My favorite metal festival isn't Maryland Deathfest, and it isn't some massive camping event in Europe, either. It's a one day slugfest wherein a pack of top-notch unsigned Michgian metal bands pile into Mac's Bar, a tiny dive joint in Lansing, Michigan. It's called Ogrefest, and it's a hidden gem in America's metal scene. Last week I ran down the bands that palyed during the day. These bands played at night. Each and every one of them is worth a listen.

— Words and photos by Joseph Schafer

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I've been meaning to write about Lansing's Genocya for some time. The group's perpetually opened for death and thrash metal bands passing through Michigan for a decade. They've played every single Ogrefest—their 2013 set is all available on youtube, pro-shot. Named after an Overkill song and perpetuated by bassist Jim Albrecht, the group has wethered numerous lineup changes with sound and work ethic intact. Their take on death thrash is not particularly game-changing, but the band does toss in the odd progressive interlude now and again, hinting at a hidden appreciation for Opeth buried underneath all the Exodus and Cannibal Corpse worship. Still, points are awarded for viciousness. If Genocya were a monster in Dungeons and Dragons, it would live in a swamp, strike multiple times per turn with razor sharp claws, and prove both bloodthirsty and impossible to kill. Most C-markets wish their local death metal band was this good. Sadly, my favorite Genocya song, “Captured by Freaks,” is not available online, so here's their last album, Ever Descent.

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In slower territory, Detroit's Failed paralyzed the audience with their mix of Am Rep-style noise rock and doom metal. The group is the child of Detroit-based guitarist Michael Erdody, who has lent his axe and vocie to numerous projects more well-knwown that Failed, including Acid Witch. His other rojects include classic throwbacks Harbinger, and death-doom act Temple of Void, whose demo was well-reiceved last year, and whose debut album will be released later this year. Failed is by far his most progressive and obtuse project. If any Ogrefest band could relocate to Brooklyn and hang with Colin Marston, this is the one.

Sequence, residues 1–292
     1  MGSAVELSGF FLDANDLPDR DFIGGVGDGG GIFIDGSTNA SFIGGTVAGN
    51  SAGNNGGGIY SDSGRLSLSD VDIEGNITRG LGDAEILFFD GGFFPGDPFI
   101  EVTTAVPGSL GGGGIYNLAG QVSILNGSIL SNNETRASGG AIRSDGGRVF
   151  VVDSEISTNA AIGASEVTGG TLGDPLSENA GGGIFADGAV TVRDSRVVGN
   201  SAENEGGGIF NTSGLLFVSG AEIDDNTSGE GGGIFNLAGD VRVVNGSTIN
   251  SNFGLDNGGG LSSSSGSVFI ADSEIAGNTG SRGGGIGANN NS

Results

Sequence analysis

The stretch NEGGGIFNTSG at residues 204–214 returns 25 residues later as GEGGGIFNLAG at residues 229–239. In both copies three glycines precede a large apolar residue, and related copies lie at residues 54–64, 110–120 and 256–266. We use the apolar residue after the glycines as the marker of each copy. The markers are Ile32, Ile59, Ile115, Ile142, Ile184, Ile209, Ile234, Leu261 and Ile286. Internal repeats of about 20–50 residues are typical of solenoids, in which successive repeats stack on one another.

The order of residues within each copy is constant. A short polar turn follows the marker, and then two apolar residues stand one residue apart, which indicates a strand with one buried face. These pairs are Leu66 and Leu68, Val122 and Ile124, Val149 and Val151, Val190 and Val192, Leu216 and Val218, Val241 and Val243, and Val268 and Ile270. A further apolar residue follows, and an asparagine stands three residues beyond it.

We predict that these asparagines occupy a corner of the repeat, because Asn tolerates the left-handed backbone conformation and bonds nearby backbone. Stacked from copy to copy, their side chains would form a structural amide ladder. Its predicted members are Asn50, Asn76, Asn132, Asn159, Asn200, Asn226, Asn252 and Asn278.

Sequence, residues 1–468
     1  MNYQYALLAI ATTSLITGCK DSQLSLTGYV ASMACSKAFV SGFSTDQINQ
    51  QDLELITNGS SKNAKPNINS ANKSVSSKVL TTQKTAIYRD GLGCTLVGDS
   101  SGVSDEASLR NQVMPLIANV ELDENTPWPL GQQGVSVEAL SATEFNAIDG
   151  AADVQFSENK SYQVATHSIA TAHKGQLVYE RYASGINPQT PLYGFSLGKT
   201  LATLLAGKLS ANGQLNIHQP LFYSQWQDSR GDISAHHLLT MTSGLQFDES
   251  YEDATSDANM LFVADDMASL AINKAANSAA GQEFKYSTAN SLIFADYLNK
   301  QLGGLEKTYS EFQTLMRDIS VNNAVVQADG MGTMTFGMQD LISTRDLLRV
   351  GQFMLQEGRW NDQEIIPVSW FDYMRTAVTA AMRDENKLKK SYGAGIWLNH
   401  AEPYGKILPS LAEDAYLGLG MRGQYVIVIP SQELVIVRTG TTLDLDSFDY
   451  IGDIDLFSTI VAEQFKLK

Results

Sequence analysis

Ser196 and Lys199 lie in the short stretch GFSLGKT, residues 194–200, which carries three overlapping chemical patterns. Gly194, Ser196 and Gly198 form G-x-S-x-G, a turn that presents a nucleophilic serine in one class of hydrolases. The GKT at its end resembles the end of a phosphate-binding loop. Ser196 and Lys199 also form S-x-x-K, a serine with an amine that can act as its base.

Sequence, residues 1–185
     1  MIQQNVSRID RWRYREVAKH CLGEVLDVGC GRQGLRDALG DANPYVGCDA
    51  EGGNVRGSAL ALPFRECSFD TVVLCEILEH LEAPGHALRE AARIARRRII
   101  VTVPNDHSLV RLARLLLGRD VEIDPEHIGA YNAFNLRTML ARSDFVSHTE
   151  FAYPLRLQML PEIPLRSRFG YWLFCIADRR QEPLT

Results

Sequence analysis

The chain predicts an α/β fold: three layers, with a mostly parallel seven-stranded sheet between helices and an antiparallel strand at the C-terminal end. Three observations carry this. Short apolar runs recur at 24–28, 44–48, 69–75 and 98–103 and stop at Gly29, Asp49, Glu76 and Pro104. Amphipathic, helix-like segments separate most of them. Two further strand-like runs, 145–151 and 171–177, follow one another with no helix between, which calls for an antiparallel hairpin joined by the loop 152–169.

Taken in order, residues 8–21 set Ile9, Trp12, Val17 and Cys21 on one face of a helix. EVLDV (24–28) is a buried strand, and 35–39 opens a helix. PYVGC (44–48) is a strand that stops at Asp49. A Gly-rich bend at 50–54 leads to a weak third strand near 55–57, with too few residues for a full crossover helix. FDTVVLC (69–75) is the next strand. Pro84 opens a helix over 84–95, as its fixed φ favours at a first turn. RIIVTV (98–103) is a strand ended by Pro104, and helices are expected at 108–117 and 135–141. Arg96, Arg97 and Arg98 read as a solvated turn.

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Metalarchives lists eight bands with the name Sauron. At least the Lansing variant are the only such band in America (I count three in Poland!). That's alright, their old-school black thrash attack isn't the most original concept, either. What it is, however, is meat and potatoes Sodom and Bathory worship built on a foundation of rock solid verse-chorus songwriting. In case you couldn't tell by the sunglasses, Sauron sling hellfire that's too cool for anything corpsepaint-related. Members of Sauron also clocked hours in Borrowed Time, a Michigan power metal band that had built up a head of steam at one point, but Sauron sound more like a few other Midwest black thrash bands that form a unique little micro-scene, including, once upon a time, Midnight, as well as a band I love called Reaper. Live Sauron dates are about as common as anyone who can actually speak the tongue of Mordor, I was lucky to make this my third time seeing them. Sadly, I can't find any of their music on the internet.